Several months ago, I participated in a Coursera course on content strategy by Northwestern University. The first of a five-part series, the course laid down basic principles that all content strategists need to be aware of.
Here are some quotes by John Lavine from the course (emphasis mine). I can’t recommend it highly enough.
- It’s tempting to put your energies into turning out lots of content that matters to you. But it’s not smart and it’s not strategic.
- Whether you like it or not, target audiences you want to reach will only give you the smallest amount of time and attention. So if your organization’s strategic goals are gonna be met, your content should only be sent if it is a central part of those priorities.
- The content the organization wants to deliver should have value for the intended audience and it has to be told in an engaging way, where, when and how the audience wants it. If this doesn’t happen, the audience won’t pay attention.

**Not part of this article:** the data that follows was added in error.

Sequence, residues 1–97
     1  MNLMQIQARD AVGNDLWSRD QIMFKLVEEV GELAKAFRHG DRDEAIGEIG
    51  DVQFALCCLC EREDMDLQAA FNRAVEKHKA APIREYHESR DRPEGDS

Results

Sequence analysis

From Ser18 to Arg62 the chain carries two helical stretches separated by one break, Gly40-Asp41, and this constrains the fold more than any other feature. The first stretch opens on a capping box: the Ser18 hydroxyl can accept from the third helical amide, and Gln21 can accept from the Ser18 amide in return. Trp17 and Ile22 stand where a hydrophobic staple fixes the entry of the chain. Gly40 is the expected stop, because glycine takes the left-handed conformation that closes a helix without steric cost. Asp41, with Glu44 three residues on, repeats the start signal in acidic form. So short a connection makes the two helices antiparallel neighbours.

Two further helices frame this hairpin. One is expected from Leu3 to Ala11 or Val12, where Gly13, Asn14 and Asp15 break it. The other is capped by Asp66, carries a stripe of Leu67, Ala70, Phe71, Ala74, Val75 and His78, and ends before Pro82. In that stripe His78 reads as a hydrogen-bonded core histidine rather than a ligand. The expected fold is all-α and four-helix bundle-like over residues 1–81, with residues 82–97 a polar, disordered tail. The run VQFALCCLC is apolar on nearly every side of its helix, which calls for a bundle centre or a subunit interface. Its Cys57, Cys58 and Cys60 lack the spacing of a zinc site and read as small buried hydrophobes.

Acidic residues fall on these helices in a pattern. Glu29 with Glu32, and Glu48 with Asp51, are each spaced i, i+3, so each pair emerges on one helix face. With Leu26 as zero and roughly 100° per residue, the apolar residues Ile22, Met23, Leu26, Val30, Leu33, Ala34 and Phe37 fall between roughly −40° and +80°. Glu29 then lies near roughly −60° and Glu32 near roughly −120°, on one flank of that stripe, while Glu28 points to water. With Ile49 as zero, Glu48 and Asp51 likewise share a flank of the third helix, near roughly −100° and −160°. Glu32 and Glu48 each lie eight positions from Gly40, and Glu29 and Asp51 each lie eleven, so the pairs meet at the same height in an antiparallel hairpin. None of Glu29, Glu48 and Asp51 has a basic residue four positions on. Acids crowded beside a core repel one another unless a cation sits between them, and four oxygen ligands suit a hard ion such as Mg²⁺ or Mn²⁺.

- Taking up people’s time with non-strategic content is not only wasteful, it teaches the important audiences that you want to reach to pay no attention to everything you say.
- People’s emotional and cognitive limitations are real. They can only attend to a certain number of topics deeply at one time. So people only pay attention to topics when they’re motivated to do so. People will only learn about things that they’re motivated to learn about.
I find that a lot of what passes for content marketing falls into the trap of #1. Neither smart nor strategic, we simply churn out content to meet the demands of clients without asking basic questions like “Is this truly useful or interesting to our reader?”
We are at a real risk of #4 – over time we risk eroding our brand because people start to associate our content with irrelevance. I have lost track of the number of times users told me that our content are “just ads”, and they will simply gloss over them without even bothering to read the headline.
Users aren’t giving us the time of the day. What can we do about it?